FUERTH, Germany (Reuters) - Adidas (ADSGn.DE) shareholders elected Egyptian tycoon Nassef Sawiris and a representative of Belgium’s richest man Albert Frere to the supervisory board on Thursday after both took significant stakes in the German sportswear group.
Frere and Sawiris, along with U.S. investor Mason Hawkins, bought major stakes in Adidas last year after shares in the firm had tumbled following a series of profit warnings as it failed to keep pace with bigger U.S. rival Nike(NKE.N).
Since then, Adidas has decided to sell its struggling golf business and has appointed former Henkel (HNKG_p.DE) boss Kasper Rorsted to take over as chief executive in October, succeeding Herbert Hainer after his 15 years at the helm.
Rather than speaking out in public, the new investors have sought to influence the company behind the scenes.
Ian Gallienne, the head of Frere’s holding company Groupe Bruxelles Lambert (GBLB.BR) who is also a board member at French drinks firm Pernod Ricard(PERP.PA), told the annual general meeting he was engaged in “constructive dialogue” with management.
Speaking in fluent German, Sawiris told the meeting he hoped his knowledge of emerging markets and financial expertise would help strengthen the board: “I am looking forward to successful cooperation,” he said.
Some investors have said the Adidas board, dominated by German consultants and union representatives, has lacked the clout of Nike, whose board of directors includes heavyweights such as Apple (AAPL.O) chief executive Tim Cook.
Gerhard Jaeger, spokesman for the SdK investor association, told the shareholder meeting that Adidas had made major strides in the last year, but said Rorsted still had a major task ahead of him, particularly to improve profitability.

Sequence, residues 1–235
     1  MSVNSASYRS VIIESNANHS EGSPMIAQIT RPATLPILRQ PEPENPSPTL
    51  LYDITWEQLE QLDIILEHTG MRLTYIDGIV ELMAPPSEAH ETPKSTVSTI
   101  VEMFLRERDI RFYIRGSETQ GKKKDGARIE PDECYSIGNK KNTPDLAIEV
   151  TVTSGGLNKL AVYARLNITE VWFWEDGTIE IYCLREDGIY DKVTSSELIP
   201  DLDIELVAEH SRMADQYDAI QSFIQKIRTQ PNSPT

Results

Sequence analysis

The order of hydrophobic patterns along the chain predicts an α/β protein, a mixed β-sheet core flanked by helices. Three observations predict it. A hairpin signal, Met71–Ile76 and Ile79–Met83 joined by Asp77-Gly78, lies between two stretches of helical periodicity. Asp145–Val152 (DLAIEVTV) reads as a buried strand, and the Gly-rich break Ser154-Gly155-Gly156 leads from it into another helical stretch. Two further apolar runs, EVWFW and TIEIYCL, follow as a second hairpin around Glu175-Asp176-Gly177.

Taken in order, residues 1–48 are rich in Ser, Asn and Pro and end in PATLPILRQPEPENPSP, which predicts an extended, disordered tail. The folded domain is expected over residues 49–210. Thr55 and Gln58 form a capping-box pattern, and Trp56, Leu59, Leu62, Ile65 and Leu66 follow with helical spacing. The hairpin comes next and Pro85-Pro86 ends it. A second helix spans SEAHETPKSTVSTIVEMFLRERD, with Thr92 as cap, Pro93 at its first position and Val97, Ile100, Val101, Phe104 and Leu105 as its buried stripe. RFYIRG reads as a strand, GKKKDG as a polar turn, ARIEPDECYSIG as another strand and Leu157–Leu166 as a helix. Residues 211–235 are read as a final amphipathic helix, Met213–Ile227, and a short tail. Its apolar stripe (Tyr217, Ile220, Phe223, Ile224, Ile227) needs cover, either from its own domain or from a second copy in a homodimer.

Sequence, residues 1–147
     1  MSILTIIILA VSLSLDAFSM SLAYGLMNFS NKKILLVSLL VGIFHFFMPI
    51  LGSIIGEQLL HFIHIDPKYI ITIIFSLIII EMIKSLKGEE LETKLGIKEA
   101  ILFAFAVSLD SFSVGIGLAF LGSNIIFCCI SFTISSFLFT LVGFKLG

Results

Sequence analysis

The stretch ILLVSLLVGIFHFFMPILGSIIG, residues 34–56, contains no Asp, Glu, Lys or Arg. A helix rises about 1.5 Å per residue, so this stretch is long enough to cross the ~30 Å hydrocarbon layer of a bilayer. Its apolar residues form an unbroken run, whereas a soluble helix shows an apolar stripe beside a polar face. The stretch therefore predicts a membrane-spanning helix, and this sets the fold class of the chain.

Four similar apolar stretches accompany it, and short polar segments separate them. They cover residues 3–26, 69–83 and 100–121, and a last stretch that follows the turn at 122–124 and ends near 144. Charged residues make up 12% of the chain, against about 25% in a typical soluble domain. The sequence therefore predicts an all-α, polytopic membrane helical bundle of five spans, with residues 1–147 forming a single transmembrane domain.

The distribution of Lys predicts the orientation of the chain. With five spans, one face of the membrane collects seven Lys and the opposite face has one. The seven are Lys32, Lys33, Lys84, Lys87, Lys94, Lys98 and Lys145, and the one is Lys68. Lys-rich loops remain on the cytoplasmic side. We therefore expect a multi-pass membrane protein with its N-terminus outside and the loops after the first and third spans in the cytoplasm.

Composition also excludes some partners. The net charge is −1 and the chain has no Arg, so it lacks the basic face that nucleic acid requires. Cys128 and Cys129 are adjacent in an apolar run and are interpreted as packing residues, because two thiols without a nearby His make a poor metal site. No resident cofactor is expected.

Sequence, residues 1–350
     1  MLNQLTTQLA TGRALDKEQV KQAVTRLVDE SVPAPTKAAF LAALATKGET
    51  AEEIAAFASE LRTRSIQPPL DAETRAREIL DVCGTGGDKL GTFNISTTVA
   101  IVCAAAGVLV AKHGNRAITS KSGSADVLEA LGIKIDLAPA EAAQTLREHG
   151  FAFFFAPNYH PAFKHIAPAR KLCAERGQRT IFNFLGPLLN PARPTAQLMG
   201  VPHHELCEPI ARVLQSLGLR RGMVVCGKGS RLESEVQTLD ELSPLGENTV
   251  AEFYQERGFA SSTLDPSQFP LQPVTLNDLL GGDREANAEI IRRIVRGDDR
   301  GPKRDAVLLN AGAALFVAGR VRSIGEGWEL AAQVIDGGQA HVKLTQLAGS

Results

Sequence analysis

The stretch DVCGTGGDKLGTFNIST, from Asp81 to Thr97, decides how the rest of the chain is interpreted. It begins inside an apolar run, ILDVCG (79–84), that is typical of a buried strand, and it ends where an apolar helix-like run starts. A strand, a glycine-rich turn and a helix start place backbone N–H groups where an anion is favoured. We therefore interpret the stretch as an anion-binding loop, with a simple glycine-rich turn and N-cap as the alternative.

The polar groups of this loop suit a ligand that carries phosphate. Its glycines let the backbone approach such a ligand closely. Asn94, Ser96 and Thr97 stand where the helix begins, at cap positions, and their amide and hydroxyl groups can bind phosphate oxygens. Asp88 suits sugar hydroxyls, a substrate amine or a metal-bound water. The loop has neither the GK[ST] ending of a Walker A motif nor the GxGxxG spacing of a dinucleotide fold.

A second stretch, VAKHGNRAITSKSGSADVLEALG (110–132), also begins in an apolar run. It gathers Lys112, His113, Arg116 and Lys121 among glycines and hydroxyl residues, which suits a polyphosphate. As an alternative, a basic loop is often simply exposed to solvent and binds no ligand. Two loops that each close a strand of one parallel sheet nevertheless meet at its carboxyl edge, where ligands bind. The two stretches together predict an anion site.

“The weakness is still the margin... the competition shows how it should be done. Adidas is still a world away from Nike,” Jaeger said.
However, he added that he would welcome Hainer joining the supervisory board as possible successor to Chairman Igor Landau after a cooling-off period.
Investors have high hopes for Rorsted, hoping he will cut costs and also consider a disposal of long-struggling fitness label Reebok, which Hainer acquired in 2005.
Adidas shares were up 1.4 percent at 1243 GMT, bringing their gains this year to almost 28 percent.
Hainer admitted that the profitability margin was “not good enough” and said the team was working hard to improve it, wishing his successor Rorsted “lots of luck” in this regard.
Reuters reported in December that Sawiris had formed a partnership with Hawkins to spur boardroom change and influence strategy at companies they invest in, including Adidas.
According to Thomson Reuters data, Frere has a 5 percent stake in Adidas, Sawiris’ NNS Holding has a 3 percent stake and Hawkins owns 2.9 percent.
Additional reporting by Victoria Bryan in Berlin and Joern Poeltz in Munich; Editing by Georgina Prodhan, Jane Merriman and Alexandra Hudson